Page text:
The other day, I received by mail two solicitations. One asked me for a monetary contribution in support of the organization's activities. The other "invited" me to apply for a credit card, which to my mind is a solicitation for my business as well as one to incur debt or lose money. Both requested money for one reason or another. I wonder: is there anyone who does not want to separate me from my money?
The truth is that I have little money, so solicitations of any kind now annoy me. The more I receive, the more I want to be left alone. When the "Do Not Call" list came into existence, I was ecstatic. Finally, a way to stop the solicitations! If only there were a way or ways to stop them from coming in the mail or my e-mail.
When I say I have little money, I mean that I am on the verge of going broke. I have become a member of the "working poor." This leads me to wonder if most writers (or any creative artist) are actually members of the working poor. There are most likely those who have day jobs such as teaching, office work, retail, etc. I worked for years as an administrative assistant in offices. My typing blazes! My phone etiquette puts Miss Manners to shame!
But then I took some time off to focus on my writing and its related business. During that time, I became ill, and my short hiatus from working for someone else turned into several years. When I was able to return to the workplace, I'd been out of the workplace just long enough to make HR hiring managers skeptical that my business as a writer was truly a business.
My health is fine. I maintain my skills as an administrative assistant by working a part-time job, and with my on-going writing business. But now I'm on the verge of going broke. In the past, I've been a generous person, donating money (and time) to worthy causes as well as non-profit arts organizations. But now, I no longer have the money to express my generosity.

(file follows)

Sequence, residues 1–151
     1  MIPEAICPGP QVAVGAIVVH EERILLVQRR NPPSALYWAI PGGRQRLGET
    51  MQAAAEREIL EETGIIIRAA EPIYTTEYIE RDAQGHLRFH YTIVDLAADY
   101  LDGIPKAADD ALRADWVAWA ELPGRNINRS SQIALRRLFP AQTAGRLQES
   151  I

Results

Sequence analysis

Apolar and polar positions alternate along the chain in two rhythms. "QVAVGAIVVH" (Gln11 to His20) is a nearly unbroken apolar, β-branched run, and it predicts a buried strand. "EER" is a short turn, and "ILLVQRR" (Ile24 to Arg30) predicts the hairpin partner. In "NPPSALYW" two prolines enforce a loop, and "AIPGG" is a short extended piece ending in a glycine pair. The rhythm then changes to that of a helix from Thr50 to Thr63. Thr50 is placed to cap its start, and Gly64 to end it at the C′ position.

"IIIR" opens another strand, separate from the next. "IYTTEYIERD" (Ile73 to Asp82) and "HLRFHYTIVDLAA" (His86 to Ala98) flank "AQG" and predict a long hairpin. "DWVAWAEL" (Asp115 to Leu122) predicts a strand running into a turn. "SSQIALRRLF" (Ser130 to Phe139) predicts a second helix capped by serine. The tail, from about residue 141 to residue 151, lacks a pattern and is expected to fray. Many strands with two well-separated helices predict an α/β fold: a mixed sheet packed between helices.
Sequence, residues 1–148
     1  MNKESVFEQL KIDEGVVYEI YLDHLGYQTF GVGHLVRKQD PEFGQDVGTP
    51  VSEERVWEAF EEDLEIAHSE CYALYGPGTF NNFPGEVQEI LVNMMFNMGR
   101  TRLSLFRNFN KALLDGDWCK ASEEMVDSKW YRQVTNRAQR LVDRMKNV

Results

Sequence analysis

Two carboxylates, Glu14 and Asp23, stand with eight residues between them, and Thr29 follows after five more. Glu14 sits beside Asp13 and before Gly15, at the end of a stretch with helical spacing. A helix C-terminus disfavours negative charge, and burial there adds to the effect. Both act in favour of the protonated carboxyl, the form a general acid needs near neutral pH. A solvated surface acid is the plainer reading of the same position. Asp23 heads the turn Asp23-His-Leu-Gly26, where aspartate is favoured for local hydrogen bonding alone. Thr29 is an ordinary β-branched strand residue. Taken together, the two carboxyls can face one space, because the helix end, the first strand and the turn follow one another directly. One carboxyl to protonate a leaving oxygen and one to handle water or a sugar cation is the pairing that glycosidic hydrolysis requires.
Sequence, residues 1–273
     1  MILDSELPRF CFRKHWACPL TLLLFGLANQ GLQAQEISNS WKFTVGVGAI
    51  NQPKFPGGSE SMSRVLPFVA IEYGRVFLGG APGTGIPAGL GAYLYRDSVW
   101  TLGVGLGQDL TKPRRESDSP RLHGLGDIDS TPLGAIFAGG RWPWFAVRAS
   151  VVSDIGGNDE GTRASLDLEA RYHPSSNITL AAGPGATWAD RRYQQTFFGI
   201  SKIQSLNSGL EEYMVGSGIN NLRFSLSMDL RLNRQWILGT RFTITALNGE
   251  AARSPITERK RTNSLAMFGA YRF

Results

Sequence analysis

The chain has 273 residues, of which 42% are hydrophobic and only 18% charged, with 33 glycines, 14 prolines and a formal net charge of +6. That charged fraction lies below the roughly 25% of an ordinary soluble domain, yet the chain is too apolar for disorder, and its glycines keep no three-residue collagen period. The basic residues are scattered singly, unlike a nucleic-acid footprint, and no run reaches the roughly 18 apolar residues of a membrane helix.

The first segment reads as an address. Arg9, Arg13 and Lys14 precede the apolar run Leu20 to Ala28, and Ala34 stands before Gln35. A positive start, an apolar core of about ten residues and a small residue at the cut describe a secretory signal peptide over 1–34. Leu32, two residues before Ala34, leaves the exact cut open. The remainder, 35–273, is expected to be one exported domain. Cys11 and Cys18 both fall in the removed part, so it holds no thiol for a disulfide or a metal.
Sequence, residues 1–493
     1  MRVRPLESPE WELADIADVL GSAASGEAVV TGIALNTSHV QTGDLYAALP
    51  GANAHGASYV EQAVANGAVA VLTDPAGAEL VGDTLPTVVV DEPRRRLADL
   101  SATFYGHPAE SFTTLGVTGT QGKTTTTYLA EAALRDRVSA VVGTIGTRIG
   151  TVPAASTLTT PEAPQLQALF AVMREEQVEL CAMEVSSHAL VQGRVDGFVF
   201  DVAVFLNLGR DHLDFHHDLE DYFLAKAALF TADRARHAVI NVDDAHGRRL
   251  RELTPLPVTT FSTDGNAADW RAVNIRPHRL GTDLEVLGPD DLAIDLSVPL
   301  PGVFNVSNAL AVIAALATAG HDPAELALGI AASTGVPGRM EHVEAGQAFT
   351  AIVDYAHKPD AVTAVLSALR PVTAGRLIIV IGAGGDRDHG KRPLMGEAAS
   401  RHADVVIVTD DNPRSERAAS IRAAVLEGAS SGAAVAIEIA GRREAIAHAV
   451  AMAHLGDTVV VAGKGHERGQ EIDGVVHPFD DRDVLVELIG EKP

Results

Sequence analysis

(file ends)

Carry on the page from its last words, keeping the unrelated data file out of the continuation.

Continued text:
I understand that organizations and businesses that mail out solicitations have bought a mailing list, or have mined their own business records to create their own mailing list. They send out blanket solicitations rather than targeting them to specific audiences. I have actually contacted some organizations and asked them to stop soliciting money from me and why.
For the most part, they do not understand, or even think about, the kind of reaction they may be triggering with their solicitations. For example, one local funeral home sends out a solicitation to come to their business to plan your funeral and pay in advance. Really? I'm really too busy right now living and trying to figure out how I'll stay in my apartment to be planning my funeral.
Is there no one who does not want my money? Maybe the Dalai Lama? I don't know. It seems like humans have conferred way too much power on money -- the power to influence, the power to buy, to give, to spend, to be independent and secure. But what about our humanity? What happens to that when we allow money to have the upper hand over us?
When do you feel the most human? When you're cashing your paycheck? Buying clothing? Paying bills? We humans invented money as a tool of exchange, but haven't we let it get kind of out of hand? What do you think?
I have set myself a challenge for this blog going forward. As a member of the working poor, I want to write about life in that group and how I see the world from that vantage point. I plan to continue writing my "Successful Patient" posts also. Stay tuned....